Data Protection News Dec 18

Round-up of Data Breaches and ICO Fines
Brexit – Impact on International Data Transfers
The new UK PECR Liabilities have come into force
Facebook Issued with Maximum Fine
March 8 2019

New PECR Liabilities

On December 17th, 2018, the UK issued the latest amendments to PECR. The new rules allow the ICO to hold directors and senior officers personally liable where PECR breaches happen either with their consent or due to their negligence. The ICO have been clamouring for this change in law for many years due to their low recovery rates on PECR fines, caused by so-called ‘Pheonixing’. This is where a company that is issued with a fine, liquidates to avoid the fine, only for the Director to reappear at the helm of another organisation and re-offend. The law change means that directors can be fined up to £500,000. Now would be a good time for organisations to complete an internal PECR audit!

Brexit – Impact on International Data Transfers

Amidst all the uncertainty surrounding Brexit are an army of advisors, lawyers and consultants planning for all potential outcomes, whatever way the negotiations and votes happen to go. This is no different in the world of data protection and this article will briefly outline the impact of Brexit on international data transfers and data protection.

Before we talk about Brexit, here is a reminder about international data transfers. Transfers can happen to countries outside the EU based on one or more safeguards such as:

  • An assessment of ‘adequacy’ (including being list on the EU Journal of adequacy decisions)
  • The adoption of binding corporate rules
  • The adoption of model contract clauses

In the absence of any of these safeguards, international data transfers can still occur on one of several exceptions that are also listed in the legislation.

Along comes Brexit. On the 15th of November 2018, the UK Government and EU Commission jointly published a proposed agreement on the terms of Brexit.

The agreement establishes a transition period from 30 March 2019 until 31 December 2020 during which the UK will remain subject to all EU laws other than those expressly excluded.

So, what does the draft exit deal mean in terms of data protection?

There are 5 main areas of impact for data protection:

  1. The same laws will be applicable during the transition period, so the UK will still be bound by the GDPR.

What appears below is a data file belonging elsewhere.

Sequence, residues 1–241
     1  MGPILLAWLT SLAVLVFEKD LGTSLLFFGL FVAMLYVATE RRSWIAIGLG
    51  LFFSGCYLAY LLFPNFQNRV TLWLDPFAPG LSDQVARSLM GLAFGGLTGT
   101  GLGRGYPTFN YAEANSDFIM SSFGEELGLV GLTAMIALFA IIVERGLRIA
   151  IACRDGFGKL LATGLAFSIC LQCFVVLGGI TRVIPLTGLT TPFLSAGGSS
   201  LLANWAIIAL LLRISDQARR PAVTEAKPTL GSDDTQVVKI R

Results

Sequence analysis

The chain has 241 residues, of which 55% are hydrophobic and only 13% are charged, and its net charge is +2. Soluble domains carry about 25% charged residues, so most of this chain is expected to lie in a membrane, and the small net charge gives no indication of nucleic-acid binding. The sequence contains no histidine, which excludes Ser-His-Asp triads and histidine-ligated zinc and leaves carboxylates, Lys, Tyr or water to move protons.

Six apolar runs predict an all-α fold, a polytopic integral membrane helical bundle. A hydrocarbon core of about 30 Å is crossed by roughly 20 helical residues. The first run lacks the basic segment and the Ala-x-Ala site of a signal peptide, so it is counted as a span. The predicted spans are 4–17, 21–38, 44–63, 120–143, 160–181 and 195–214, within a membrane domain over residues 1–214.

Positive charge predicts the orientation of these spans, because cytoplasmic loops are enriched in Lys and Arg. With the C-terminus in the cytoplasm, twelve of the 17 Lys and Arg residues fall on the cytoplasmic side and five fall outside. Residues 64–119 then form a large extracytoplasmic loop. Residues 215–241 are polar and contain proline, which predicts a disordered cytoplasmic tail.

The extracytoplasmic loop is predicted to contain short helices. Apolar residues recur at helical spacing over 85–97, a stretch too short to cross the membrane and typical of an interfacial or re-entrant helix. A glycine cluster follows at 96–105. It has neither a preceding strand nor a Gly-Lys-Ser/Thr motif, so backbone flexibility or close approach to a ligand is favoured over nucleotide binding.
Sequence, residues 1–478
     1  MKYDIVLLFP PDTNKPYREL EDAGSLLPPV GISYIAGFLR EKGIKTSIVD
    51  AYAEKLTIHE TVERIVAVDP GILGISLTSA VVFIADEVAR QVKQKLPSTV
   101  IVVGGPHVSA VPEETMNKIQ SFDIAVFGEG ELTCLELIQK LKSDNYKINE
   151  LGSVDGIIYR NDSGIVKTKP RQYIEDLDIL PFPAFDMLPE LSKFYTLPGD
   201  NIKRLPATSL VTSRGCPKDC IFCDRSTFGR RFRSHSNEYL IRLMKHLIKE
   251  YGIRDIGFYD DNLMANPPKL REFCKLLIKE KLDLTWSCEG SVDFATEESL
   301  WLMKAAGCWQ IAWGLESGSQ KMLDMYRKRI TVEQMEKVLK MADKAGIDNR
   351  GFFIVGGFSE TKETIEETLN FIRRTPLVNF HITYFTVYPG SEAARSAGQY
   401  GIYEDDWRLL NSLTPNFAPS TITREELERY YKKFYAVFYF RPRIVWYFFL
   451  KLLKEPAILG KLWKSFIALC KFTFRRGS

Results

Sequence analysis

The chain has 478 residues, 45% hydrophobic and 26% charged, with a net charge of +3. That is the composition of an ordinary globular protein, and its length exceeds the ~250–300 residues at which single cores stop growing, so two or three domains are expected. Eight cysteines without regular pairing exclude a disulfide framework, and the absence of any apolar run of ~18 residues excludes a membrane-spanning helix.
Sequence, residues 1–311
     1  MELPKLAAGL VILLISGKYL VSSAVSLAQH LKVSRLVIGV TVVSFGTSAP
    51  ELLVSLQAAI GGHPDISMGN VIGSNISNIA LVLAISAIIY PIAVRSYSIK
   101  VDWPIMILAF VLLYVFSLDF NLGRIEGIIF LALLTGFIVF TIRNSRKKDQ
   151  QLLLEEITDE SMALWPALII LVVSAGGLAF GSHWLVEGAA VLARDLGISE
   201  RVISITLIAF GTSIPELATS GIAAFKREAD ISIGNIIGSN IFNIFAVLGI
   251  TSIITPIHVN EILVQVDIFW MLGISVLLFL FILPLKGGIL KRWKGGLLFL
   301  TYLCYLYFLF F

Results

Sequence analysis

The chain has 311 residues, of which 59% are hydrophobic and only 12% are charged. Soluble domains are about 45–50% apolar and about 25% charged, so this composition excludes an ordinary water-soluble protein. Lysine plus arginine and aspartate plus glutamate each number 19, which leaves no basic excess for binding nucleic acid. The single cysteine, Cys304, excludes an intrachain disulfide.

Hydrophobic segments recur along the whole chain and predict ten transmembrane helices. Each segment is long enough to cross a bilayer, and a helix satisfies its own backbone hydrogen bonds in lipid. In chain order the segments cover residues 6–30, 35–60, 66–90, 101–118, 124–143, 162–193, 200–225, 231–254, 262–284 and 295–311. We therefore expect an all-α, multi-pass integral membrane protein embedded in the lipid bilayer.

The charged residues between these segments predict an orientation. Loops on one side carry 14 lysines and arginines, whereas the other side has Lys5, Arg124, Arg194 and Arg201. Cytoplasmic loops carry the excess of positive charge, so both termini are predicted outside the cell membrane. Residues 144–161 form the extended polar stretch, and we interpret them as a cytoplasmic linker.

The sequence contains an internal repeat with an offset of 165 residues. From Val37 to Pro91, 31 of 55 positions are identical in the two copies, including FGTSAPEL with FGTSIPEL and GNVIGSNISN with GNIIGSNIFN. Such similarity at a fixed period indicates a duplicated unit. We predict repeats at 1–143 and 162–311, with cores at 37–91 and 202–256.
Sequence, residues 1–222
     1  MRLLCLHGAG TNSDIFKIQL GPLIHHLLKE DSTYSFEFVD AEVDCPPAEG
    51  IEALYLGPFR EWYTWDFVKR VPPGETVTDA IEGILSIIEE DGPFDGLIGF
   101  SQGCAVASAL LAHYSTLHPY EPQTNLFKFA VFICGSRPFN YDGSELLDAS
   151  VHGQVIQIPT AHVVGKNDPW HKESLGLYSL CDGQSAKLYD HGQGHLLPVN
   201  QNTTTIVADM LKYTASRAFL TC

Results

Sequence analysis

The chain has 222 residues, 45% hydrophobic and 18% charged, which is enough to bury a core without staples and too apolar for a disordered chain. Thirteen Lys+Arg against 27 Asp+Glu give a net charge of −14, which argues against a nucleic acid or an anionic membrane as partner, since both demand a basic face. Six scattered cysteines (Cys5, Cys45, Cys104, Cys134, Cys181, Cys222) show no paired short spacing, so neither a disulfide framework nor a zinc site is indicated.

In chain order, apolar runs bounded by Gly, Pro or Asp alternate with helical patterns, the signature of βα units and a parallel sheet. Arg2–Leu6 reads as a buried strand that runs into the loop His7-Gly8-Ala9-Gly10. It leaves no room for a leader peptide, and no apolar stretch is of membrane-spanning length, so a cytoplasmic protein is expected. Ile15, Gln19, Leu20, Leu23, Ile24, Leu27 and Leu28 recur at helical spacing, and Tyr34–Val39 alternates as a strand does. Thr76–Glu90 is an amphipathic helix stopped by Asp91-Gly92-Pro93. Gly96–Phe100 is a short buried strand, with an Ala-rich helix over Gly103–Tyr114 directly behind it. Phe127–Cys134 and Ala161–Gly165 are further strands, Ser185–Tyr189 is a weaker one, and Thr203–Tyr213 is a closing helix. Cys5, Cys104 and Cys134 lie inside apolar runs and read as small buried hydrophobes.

2. The Court of Justice of the European Union (CJEU) will keep Jurisdiction over the UK, continuing to arbitrate UK court interpretation of data protection law
  3. The UK will still be treated as a member state during the transition period.
  4. There will be no participation of the UK in EU decisions. The ICO’s role on the EDPB may be reduced to an observer role only.
  5. Data captured before the end of the transition period will continue to be protected by GDPR, but data captured after the transition period may be governed by a different regime of data protection laws.

The UK and EU have also published a non-binding declaration that states the ambition to adopt an adequacy decision for the UK by the end of transition. Securing an adequacy decision will be integral to supporting a free flow of personal data between the EU and the UK once the transition period comes to an end.

If the deal is rejected, the UK could leave the EU on 29 March 2019 without any transitional arrangements. Data transfers between the UK and EU would therefore be treated as transfers to a third country, requiring one of the other safeguards to be put in place such as binding corporate rules or model clauses. Plan for a surge of contractual renegotiations, if this situation transpires.

ICO Fines

As well as the second record breaking fine which was this time levied against Facebook, there were many other six-figured fines in the last quarter, including

  • ACT Response fined £175,000 for making 500,000 marketing calls to TPS subscribers
  • DM Bedroom Designs fined 160,000 for making 1.6 million calls to TPS subscribers
  • Uber fined £385,000 for failing to protect data during a cyber-attack in late 2016
  • Tax Returned Limited fined £200,000 for sending 14.8 million unsolicited texts

The ICO have also issued hundreds of fines for non-payment of Data Protection fees. The total value of these fines has not been published.

The year-end total of ICO fines for 2018 was £6,639,000 which is a 57% increase on the previous year.

For more detailed information about ICO fines, see the ICO enforcement webpage:

Data Breaches

Stats from December 2018 show that 8000 UK data breaches were reported to the ICO in the 6 months following the GDPR go-live date.

On the global stage, the biggest breaches from Q4 2018 were:

Marriott – 500 Million guests

Quora – 100 Million users

Google – 52 Million Users

Atrium Health – 2.65 million patients affected

Did you know?...

Facebook were fined £500,000

Hot on the heels of the record-breaking Equifax fine, Facebook were also fined the maximum amount allowable under the DPA (1998). This was for: lack of informed consent, not having a lawful basis for processing and failing to apply due diligence to ensure that apps using their data were consistent with the terms and conditions of their platform. In the enforcement notice, the Information Commissioner calls out the fact that if it were not for the statutory limits the fine would have been much higher – this sends a clear message to that the ICO are chomping at the bit to exercise the new maximum fine limits under GDPR.

GDPR Adoption Indicators:

Forrester Security Survey: 56% of security professionals say their organisation is not fully in line with the new legislation.

Bitkom Conference Survey: only 24% of attendees have fully adopted the new rules.